2016 Ubuntu 11.10 is no longer supported, but a normal install should work for all versions, as long as you unplug your internal HDD first.
To customize the install to suit pendrives, (optional). When installation gets to Partitioning select "Something else".
Leave the first partition FAT32 so items in that partition can be accessed by Linux or Windows.
Make the second partition ext4 and select "/" for mount point. This is where the system will be installed.
You can optionally make a third partition ext2 or ext4 and set mount point "/home". This can save the data in your home folder during upgrades.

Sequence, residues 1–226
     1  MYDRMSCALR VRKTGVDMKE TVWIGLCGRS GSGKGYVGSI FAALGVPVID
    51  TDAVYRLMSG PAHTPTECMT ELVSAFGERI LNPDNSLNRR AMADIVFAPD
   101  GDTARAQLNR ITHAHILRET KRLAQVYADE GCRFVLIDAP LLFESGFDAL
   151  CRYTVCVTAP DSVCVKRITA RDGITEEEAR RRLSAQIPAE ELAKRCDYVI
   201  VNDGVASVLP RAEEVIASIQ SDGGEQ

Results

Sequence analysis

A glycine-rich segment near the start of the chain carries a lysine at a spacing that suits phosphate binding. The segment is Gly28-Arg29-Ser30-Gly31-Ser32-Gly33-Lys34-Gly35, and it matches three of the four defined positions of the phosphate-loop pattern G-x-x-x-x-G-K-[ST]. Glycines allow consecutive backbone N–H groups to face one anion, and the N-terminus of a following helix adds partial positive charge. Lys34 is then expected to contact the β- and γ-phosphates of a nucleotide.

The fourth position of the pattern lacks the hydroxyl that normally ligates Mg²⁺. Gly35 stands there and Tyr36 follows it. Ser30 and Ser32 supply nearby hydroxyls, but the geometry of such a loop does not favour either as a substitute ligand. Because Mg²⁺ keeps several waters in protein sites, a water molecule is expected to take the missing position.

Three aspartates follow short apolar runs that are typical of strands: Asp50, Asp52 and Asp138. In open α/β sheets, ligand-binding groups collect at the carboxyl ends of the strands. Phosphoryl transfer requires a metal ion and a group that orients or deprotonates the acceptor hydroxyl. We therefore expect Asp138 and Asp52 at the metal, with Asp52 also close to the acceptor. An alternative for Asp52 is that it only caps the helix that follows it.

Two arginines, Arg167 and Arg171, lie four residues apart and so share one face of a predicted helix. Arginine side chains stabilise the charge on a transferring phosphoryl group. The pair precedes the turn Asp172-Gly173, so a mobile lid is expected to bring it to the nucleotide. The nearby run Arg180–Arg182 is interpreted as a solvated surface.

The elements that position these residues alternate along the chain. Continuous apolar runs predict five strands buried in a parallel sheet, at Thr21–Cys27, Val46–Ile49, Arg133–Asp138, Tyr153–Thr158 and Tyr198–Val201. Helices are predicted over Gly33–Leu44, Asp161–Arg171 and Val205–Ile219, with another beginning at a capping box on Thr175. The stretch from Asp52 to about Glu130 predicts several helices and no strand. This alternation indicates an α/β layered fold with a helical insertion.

You can make a fourth partition as swap but many people don't use swap on flash drives as they are afraid of making too many writes to the pendrive,
Pendrives are normally good for over 10000 writes, at 50MB/s, this is a long time, years or decades depending on pendrive size. pendrives also use wear leveling to distribute writes over the drive. if it ever does wear out it will turn read only and data will not be lost.
After partitioning continue with the install.
If you are OK with a persistent install try mkusb, it will make a Live USB install with persistent partitions. left over space is turned into a NTFS first partition that Linux and Windows can both use.
See Running an install from a flash drive for comparison between Persistent and Full install.